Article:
Take for example Denzel Washington’s Wikipedia headshot. When you do a reverse-image search in Google you’ll find it’s used on lots of other websites (opens in a new tab). You don’t even have the include the exact same image. It can have different dimensions, different file sizes and even different formats. Google understands it’s the same image.
Many SEOs know the usual image ranking factors: alt-text, captions, text around the image, heading in front of the image and so on. But what many don’t consider is that this only takes into account which queries (!) the image can rank for. It doesn’t say anything about the popularity of the image, which is important too. So, how does Google measure the popularity of images? It’s quite simple: how often the image is used.
It doesn’t matter if you use the same image physically (by hot linking) or if it is a copy of an image. A copy can even have a different compression, different image dimensions or a different image file size. Google’s image algorithm recognizes copies, and related them accordingly. In principle, Google says: “these popular images are used often - so we’ll give them priority in the results”.
My tip for you: for a lot of queries, the top ranked images have no copies on the web. They are “single used images”. It is usually enough to just upload a second or third version by yourself - if possible, on a different domain with similar content. Or you can get competitors to use the image as well.
But be careful: if Google has several sources for the same image, then the page that ranks highest will also rank highest in images search.
Think about this - and you will find a lot of golden nuggets in Googles Image search 🙂 Good luck!
Images that are related
Including related images about the same topic, with similar content in the images, also helps you rank your images better. Doing so helps become more relevant, and authoritative.
In case of the
denzel washington query, you should gather different photos of him and put them together on one page.
Here’s another example: let’s say you’re trying to rank for the query
checklist illustration. Including different illustrations containing checklists helps all these images rank better. Please note that these illustrations should be showing roughly the same thing, in this case a list of checkboxes.
This is one of the reasons Pinterest has been so successful at driving organic traffic through images - they’re hosting millions of images, and their users neatly categorize them too. This is a text book example of how including related images helps you rank.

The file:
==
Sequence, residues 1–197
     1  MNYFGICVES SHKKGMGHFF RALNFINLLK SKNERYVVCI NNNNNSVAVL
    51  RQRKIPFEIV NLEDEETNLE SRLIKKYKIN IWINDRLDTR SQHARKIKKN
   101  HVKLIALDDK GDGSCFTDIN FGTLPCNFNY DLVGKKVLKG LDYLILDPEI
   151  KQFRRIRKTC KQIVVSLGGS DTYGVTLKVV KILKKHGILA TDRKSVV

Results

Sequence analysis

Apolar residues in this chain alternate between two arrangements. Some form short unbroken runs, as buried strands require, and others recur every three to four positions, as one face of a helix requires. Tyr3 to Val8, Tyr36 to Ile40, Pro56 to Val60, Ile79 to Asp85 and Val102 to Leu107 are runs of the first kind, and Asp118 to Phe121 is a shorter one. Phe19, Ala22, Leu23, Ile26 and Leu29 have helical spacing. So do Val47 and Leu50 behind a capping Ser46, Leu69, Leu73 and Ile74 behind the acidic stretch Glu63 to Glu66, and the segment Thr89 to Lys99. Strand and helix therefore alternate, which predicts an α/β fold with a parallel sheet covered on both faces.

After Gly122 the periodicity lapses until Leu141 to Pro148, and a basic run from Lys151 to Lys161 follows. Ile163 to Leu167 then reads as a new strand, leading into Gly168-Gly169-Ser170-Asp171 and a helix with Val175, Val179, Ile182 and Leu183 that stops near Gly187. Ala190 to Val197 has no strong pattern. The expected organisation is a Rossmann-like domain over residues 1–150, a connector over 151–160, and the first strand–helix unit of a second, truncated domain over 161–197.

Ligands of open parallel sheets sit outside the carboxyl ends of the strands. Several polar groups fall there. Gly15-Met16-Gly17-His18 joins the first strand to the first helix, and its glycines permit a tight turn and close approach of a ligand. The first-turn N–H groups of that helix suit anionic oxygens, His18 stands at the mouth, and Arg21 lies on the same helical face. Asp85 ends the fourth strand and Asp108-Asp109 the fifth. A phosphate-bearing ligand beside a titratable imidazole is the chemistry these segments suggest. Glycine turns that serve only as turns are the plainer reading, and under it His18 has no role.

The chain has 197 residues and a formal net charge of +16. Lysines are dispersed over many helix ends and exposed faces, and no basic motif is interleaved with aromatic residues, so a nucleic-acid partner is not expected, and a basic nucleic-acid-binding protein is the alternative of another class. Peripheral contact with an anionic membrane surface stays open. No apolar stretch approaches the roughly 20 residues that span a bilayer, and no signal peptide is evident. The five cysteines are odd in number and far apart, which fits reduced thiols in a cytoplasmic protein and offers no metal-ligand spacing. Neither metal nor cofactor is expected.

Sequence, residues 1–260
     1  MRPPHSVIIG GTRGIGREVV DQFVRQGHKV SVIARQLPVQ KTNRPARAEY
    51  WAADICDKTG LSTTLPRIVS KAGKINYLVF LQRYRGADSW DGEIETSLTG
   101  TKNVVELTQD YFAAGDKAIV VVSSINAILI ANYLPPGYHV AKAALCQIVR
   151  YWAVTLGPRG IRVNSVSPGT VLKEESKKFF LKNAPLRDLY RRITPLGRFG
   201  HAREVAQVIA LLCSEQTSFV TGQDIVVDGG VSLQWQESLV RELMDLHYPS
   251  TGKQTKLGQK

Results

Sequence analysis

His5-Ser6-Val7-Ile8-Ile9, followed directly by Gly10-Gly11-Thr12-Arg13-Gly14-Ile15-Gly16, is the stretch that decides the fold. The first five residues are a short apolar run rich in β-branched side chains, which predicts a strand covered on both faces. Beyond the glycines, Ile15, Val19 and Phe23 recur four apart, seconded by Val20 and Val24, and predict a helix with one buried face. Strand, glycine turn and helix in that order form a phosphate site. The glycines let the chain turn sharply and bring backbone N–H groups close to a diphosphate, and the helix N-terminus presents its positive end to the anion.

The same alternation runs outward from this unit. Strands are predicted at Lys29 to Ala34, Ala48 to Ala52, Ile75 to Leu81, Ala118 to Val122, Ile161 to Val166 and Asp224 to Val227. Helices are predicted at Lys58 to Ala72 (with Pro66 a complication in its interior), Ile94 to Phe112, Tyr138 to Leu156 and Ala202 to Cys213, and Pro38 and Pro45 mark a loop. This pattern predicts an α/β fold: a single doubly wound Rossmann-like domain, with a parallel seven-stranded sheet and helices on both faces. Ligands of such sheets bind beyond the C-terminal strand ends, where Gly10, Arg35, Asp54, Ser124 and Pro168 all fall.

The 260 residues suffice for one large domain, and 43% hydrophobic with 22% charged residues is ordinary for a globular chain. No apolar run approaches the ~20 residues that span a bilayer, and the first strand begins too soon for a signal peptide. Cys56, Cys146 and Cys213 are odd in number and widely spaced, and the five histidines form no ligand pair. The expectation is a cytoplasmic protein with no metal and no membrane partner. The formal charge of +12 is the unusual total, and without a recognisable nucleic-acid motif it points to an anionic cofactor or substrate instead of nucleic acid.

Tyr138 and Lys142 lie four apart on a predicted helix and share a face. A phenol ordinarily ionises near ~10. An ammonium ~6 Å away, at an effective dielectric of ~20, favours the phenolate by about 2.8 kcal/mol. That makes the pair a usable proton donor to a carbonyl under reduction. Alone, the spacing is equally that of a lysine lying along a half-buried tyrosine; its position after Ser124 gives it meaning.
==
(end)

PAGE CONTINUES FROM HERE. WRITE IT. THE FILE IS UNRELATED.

We undertook a large-scale image optimization campaign across at FreshBooks. We followed standard best practices like alt tags and surrounding images with text, but we came to some interesting conclusions once we were into the campaign. We realized that Google definitely uses machine learning to interpret images. We found that by making our images more similar to the top ranking results, we in turn were able to rank better. This may not be easy to do in every case, but in our case we were trying to rank images of invoices. The images that had more boxes and lines performed better than the prettier invoices that featured beautiful images.
Once we found the recipe to success, we also doubled down on the sheer number of images we included on the page and this is where we saw another significant boost. Our theory is that if you give Google more choice, it is more likely to select images from your site and display them in the image pack.
Image captions and surrounding text
Text that’s in close proximity to images adds to their relevance from a search engine’s point of view, and it helps users better understand the content.
We distinguish two types of text that’s in close proximity to images; the first one being captions and the second one being surround text.
Here’s an example of an image caption from our redirects article:
And here’s an example of an image with related, surrounding text:
Here’s an example HTML snippet for an image:
An image tag has a file name, a format, a location where the image can be found, and attributes that provide context. This is another place where search engines will pick up clues on the queries for which your images are relevant. But note that you can overdo this. Don’t stuff image file names and